Home Builders Association of Cleveland County
Reverse Raffle — April 9, 2011
Reverse Raffle tickets are on sale again & we hope that every member will help
sell them. The raffle will take place on April 9. We will again have 8 $500 prizes,
Inside this issue: one $1,000 prize and the grand prize is $5,000. You don’t have to be present to
Young Home Buyers win. This is our major fundraiser for the year & we need your support to make this
Will Lead Housing 2 a successful year. For information, please call 704-472-0133 or a board member.
Know the Code 3 Construction Forecast Webinar Happens April 27—Register Now!
Know the Code 4 With the latest developments in the housing finance arena adding more wrinkles
Continued... to the outlook for our industry, NAHB's Spring Construction Forecast Webinar
Building Permits 5 takes on all new significance this time around. Presenters will focus on the latest
housing news & numbers, and will address questions like:
Membership Renewals 6 *How is constricted builder access to acquisition, development & construction
Board of Directors 6 credit being addressed?
*How can pent-up demand for housing be quantified?
Business Cards 7
*Are the low appraisal headwinds easing?
*How big is the house inventory, and what is its composition?
*How will each state fare as the housing recovery gains momentum?
The webinar is scheduled for 2:00-4:00 pm, on April 27. Featured presenters will
include NAHB Chief Economist David Crowe, Moody's Analytics Chief Economist
Mark Zandi, & NAHB's assistant vice president for forecasting & analysis, Robert
Upcoming Events Denk. The fee is $29.95 for NAHB members & HBAs. For more information, visit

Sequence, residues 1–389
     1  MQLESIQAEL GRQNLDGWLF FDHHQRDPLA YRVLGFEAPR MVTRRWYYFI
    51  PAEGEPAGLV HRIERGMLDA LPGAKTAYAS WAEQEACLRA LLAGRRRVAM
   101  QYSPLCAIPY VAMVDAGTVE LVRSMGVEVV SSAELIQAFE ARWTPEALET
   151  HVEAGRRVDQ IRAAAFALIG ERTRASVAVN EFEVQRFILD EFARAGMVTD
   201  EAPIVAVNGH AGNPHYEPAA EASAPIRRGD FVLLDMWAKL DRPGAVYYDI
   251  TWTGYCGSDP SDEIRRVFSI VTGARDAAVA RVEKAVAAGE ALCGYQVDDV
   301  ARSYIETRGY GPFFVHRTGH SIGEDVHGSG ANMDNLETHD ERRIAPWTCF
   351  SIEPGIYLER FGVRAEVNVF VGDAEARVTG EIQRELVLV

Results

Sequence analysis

www.nahb.org/cfw or contact: Steve Melman (800-368-5242, x8245).
April 9, 2011 - 6 PM
Reverse Raffle Agencies' Mortgage Proposal Would Harm Home Buyers
GoForth Hall The announcement by 6 federal agencies last week of a plan to require a minimum
20% down payment for "qualified residential mortgages" sparked an immediate
April 12, 2011 - 5 PM outcry among industry & consumer advocates, none more adamant than that ex-
Board of Directors Meeting pressed by the NAHB leadership through various media channels. Requiring a
Deer Brook Club House high down payment would disproportionately harm first-time home buyers, who
April 12, 2011 - 6 PM
have limited wealth & on average account for 40% of home-buying activity. It
Monthly Meeting would take an average family 12 years to scrape together a 20% down payment.
Deer Brook Club House Borrowers who can’t afford to put 20% down on a home & who are unable to ob-
SPEAKER: Rob Howard, tain FHA financing will be expected to pay a premium of two percentage points for
Home Energy Solutions a loan in the private market to offset the increased risk to lenders. This would dis-
qualify about 5 million potential home buyers, resulting in 250,000 fewer home
sales & 50,000 fewer new homes being built per year.
Young Home Buyers Will Lead Housing Market Recovery, Says NAHB